For What It's Worth

Thursday, March 5, 2020

Review: The Gravity of Us by Phil Stamper


As a successful social media journalist with half a million followers, seventeen-year-old Cal is used to sharing his life online. But when his pilot father is selected for a highly publicized NASA mission to Mars, Cal and his family relocate from Brooklyn to Houston and are thrust into a media circus.

Amidst the chaos, Cal meets sensitive and mysterious Leon, another “Astrokid,” and finds himself falling head over heels—fast. As the frenzy around the mission grows, so does their connection. But when secrets about the program are uncovered, Cal must find a way to reveal the truth without hurting the people who have become most important to him.


Expertly capturing the thrill of first love and the self-doubt all teens feel, debut author Phil Stamper is a new talent to watch. ~
Goodreads

Source: ARC provided by Bloomsbury YA in exchange for an honest review

Review: Cal is a successful teen social media journalist – covering the streets of NYC and breaking news on his FlashFame channel. He’s been offered an internship to Buzzfeed and has his whole path to becoming a professional journalist meticulously planned out as well as moving in with his best friend, Deb. But when his pilot father gets chosen by NASA to train and compete for a spot on the Orpheus V spacecraft and it’s first manned mission to Mars – his whole life is upturned.

Not only does Cal’s family need to move from NYC to Texas, right away, but the whole thing is covered by a reality show called Shooting Stars that likes to amplify the drama and competition aspect of things. Cal’s mom suffers from anxiety so having the media track every move of their imperfect family is difficult. Then Cal’s internship is canceled, and because of a contract clause, he is no longer allowed to post on his channel anymore.

His first few days in Houston are filled with tension between his parents and anger at his father combined with having to fake it for the cameras. Shooting Stars has an inordinate amount of power over the candidate astronauts and their families. The show is used to keep NASA and it’s projects in the public eye and popular - and therefore secure funding. Cal discovers how manipulative the host is and what he’s willing to do to keep his ratings high and retain power over NASA and the process.

So Cal goes rogue and still broadcasts out on his channel in an act of defiance. He gets support from his neighboring “astrokids” Kat and her brother Leon, who Cal develops an instant attraction to. There is a bit of "insta" everything going on but I could see how easily Leon and Cal connected because of their circumstances.

I was expecting more of a government cover up type of plot based on the summary but this is much more of a commentary on social media, depression/anxiety and relationships - although the space mission does figure prominently.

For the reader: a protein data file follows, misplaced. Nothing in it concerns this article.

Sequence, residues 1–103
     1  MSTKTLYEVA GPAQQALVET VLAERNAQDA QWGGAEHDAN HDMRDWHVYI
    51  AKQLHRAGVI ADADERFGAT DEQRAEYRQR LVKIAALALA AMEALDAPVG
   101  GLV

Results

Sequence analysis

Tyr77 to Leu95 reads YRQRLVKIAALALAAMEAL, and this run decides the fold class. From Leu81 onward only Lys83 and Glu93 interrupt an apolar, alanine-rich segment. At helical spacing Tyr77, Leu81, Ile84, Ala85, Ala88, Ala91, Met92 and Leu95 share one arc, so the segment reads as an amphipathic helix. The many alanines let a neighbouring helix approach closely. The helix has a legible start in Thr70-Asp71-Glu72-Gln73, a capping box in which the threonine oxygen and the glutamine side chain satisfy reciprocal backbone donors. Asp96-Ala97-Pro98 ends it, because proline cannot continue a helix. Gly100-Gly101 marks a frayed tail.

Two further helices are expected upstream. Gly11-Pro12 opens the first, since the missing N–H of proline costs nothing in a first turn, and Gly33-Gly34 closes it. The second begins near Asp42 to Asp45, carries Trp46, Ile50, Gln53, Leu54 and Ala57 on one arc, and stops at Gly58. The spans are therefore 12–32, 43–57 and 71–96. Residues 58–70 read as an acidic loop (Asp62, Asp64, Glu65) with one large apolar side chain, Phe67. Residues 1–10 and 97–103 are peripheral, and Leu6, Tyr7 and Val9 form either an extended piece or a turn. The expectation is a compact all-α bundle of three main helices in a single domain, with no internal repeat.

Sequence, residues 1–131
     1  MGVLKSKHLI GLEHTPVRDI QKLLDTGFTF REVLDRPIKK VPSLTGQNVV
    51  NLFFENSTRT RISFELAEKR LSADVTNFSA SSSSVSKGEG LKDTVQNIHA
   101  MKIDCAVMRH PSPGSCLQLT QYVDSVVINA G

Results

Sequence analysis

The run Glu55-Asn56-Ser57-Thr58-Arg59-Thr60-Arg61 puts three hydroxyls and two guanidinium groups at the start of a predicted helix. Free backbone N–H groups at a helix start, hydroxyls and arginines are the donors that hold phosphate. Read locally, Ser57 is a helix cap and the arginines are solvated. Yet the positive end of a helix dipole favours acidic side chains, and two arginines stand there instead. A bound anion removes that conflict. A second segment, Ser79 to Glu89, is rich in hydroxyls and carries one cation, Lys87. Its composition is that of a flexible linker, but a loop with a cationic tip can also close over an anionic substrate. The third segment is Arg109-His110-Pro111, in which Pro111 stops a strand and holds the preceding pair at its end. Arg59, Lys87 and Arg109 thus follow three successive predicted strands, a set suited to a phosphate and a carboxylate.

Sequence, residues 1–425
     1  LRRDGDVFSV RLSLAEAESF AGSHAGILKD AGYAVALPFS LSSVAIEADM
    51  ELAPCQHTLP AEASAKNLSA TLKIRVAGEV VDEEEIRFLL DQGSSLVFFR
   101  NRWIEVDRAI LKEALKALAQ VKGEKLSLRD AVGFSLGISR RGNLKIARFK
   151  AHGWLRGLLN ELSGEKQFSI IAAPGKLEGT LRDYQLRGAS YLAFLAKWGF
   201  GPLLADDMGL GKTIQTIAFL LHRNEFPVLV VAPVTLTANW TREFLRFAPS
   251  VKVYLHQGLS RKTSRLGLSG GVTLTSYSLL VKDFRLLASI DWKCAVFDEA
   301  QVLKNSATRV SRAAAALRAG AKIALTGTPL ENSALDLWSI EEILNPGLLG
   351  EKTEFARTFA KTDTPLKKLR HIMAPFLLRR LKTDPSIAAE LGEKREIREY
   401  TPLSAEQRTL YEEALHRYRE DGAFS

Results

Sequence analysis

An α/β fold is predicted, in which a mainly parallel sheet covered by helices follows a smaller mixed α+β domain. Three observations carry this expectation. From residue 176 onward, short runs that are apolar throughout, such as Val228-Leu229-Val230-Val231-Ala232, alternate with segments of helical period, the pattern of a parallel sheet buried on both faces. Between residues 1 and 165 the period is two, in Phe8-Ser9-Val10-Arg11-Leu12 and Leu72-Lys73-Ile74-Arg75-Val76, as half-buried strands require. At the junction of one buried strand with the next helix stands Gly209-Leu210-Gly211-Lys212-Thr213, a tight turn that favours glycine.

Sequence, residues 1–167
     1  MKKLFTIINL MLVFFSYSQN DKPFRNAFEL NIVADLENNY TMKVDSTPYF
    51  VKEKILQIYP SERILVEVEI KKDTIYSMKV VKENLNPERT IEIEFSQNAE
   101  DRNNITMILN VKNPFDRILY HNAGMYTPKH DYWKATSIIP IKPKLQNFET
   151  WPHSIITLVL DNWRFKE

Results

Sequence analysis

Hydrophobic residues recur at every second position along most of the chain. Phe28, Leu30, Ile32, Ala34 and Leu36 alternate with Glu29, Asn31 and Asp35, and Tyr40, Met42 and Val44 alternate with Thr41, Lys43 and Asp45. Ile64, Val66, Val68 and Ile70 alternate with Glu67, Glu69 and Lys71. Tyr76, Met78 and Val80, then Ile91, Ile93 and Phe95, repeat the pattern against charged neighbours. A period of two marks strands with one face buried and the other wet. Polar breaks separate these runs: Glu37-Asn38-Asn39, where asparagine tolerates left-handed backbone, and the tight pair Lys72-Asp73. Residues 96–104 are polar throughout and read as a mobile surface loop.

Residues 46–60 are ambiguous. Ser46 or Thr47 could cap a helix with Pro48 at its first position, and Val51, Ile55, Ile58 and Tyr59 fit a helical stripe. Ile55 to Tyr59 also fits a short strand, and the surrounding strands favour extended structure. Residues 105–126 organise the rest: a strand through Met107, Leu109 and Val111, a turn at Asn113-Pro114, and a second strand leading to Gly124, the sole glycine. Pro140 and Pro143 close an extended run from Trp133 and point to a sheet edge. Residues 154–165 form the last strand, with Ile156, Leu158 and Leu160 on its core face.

This is also (mostly) a coming of age story for Cal. Between trying to be the peacemaker for his quarreling parents, exploring his sexuality, falling in love and trying to chase his journalism dreams - he screws up and often. He seems to have boundless patience for Leon and his depression and sympathy for his mother's anxiety but is often selfish in regards to his best friend, Deb's, problems. That was a tough one to read because she is always so forgiving and supportive with him.

Stamper touches on a lot of things and is very respectful of those issues but doesn't dig overly deep either. That's not a complaint - I think there is room for stories that represent real, messy life and have positive outcomes - that are also lighter reads that offer hope and ways out.

The Gravity of Us had such a unique but topical setting with characters that I think teens can relate to. Especially in this fame/social media obsessed culture they live in. And kudos for writing parents that were incredibly flawed but layered. Parents are usually thrown in to make the teens life miserable and then tossed but Cal's parents (slowly) come full circle and that was nice to see. And the teens are shown confronting their parents about their challenges and what they need - with parents actually responding in a healthy way.

If you're looking for a low key but relatable read with a unique backdrop give this one a go.

29 comments:

  1. I was interested in this, because space stuff is always a good thing, but I think I would love to see Cal work through all his "stuff" too. I am glad to hear his story has drama, but a positive outcome.

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    1. It was an interesting backdrop because ...space but also had a sense of nostalgia to historic space missions and event he style of the homes they made them live in.

      It's a lot of Cal growing and I like when that happens. Show the flaws but also how to change and do better. It was even better that the adults got this lesson too.